Two Fashion Bug Plus stores in Baltimore are closing as part of the national retailer's move to refocus and scale back operations in the face of weak sales sapping the apparel industry.
Charming Shoppes Inc., a Bensalem, Pa.-based chain operating more than 1,300 Fashion Bug and Fashion Bug Plus stores across the country, is shuttering shops by as early as January in the Parkside Shopping Center and on Wabash Avenue, store employees confirmed yesterday.
None of the other 22 Baltimore-area stores are closing and all of the estimated 20 displaced sales clerks and store managers will be relocated, according to employees contacted yesterday.
Company officials could not be reached for comment. But analysts said the chain, which focuses on women's apparel in shops averaging 8,000 to 9,000 square feet, is planning to close 60 stores while opening 47 -- a net loss of 13 -- over the next several months.
"This year, they're definitely more in a retrenchment," said Elizabeth Pierce Ladd, a retail analyst with Salomon Brothers Inc. in New York.
"It's symptomatic of the entire group. Retail in general is over-stored. Therefore, I expect to see a lot of consolidation and pruning of real estate."
The unforgiving retail environment has left Fashion Bug and other apparel retailers like Joppa-based Merry-Go-Round Enterprises Inc. to grapple with the capricious winds of fashion.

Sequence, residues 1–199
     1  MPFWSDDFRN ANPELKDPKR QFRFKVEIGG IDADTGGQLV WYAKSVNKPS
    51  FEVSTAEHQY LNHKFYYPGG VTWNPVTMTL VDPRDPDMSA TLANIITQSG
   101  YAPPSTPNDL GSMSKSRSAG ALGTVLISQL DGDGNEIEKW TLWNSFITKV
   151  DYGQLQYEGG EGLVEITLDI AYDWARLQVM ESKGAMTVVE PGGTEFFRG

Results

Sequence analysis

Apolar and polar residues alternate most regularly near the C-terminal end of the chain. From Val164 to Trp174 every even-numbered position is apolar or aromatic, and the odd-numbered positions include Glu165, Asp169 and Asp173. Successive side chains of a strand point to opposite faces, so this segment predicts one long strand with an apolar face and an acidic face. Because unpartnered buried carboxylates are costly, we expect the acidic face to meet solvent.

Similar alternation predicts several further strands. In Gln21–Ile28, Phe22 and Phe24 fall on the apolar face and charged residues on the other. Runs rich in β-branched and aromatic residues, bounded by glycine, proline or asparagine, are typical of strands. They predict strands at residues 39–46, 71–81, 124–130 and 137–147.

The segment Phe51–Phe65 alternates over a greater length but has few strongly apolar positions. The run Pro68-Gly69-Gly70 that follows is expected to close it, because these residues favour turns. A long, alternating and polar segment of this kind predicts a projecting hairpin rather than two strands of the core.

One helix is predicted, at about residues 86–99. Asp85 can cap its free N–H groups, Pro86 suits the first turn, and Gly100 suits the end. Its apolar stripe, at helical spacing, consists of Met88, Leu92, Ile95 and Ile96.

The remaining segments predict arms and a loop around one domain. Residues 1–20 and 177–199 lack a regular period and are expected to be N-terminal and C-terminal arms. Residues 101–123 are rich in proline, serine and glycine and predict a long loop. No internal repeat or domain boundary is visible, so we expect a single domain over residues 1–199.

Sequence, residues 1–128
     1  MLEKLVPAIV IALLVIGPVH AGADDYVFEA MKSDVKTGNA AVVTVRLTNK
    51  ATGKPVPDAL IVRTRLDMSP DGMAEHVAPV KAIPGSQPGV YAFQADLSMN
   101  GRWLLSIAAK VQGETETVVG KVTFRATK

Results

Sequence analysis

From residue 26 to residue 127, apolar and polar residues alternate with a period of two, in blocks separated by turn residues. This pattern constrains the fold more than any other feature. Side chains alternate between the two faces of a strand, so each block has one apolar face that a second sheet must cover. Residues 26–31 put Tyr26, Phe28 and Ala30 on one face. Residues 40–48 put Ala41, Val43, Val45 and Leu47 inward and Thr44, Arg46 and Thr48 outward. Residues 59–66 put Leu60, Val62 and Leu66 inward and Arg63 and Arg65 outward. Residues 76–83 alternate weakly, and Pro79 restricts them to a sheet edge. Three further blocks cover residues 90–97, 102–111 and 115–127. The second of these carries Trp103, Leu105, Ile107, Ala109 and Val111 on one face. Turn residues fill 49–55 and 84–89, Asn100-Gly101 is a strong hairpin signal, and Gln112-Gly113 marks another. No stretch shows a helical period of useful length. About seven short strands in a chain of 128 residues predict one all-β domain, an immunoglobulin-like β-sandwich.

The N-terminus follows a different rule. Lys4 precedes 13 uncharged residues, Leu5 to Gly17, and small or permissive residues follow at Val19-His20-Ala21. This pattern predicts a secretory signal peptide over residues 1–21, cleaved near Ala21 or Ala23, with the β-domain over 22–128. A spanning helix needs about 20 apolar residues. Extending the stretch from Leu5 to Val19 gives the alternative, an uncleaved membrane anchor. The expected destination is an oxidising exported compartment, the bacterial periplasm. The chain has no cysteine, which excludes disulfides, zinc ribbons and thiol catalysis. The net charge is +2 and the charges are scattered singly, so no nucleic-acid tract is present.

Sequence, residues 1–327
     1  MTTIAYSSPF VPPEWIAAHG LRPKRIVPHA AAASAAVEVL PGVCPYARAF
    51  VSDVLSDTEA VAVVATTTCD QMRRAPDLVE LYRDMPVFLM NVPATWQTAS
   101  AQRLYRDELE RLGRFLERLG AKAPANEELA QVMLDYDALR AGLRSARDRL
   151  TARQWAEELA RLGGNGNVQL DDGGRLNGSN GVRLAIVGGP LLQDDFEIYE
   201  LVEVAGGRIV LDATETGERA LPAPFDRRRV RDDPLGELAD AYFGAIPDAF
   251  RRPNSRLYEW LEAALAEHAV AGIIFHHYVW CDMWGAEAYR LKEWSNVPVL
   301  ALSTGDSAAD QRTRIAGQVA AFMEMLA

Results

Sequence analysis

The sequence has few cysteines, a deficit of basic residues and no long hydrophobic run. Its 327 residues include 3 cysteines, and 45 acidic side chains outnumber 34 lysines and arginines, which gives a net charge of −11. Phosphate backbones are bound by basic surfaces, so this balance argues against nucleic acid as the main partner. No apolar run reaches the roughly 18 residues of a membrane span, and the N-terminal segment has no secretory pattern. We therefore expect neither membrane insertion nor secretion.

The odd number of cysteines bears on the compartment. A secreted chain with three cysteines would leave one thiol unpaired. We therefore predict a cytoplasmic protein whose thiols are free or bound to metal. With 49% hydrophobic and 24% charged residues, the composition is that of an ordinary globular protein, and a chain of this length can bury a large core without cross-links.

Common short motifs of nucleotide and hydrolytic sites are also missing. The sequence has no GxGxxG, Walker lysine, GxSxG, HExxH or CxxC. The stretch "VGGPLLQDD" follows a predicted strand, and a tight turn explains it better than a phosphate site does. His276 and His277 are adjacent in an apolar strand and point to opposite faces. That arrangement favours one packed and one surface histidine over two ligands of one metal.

"Both are companies that for a long time did get it right, did offer customers what he or she wanted, and for both it was a time when the apparel business was good," said Sally H. Wallick, an analyst with Legg Mason Wood Walker Inc. "And then each got off track and made merchandising mistakes."
The result: Charming Shoppes recently reported an 18 percent drop in sales over seven months ended Aug. 26 compared with the same period last year, while sales in stores open at least a year fell 22 percent over the same time.
To reverse the trend, Charming Shoppes has brought in several new key executives, including a new president and chief executive. In addition, analysts said, the chain has been shoring up its financing, negotiating a permanent letter of credit to purchase merchandise overseas; until now, they said, Charming Shoppes has obtained financing on an ad hoc basis.
For all of the retailer's recent moves, analysts are uncertain whether Charming Shoppes can recapture its main customer: moderate-income "pink-collar workers," such as bank tellers who work in the service-sector, shop in strip centers and buy junior, misses and large size clothing.
"It remains to be seen," said Ms. Ladd of Salomon Brothers. "Six months ago, I was very concerned. Let's just say now they're in an interesting position."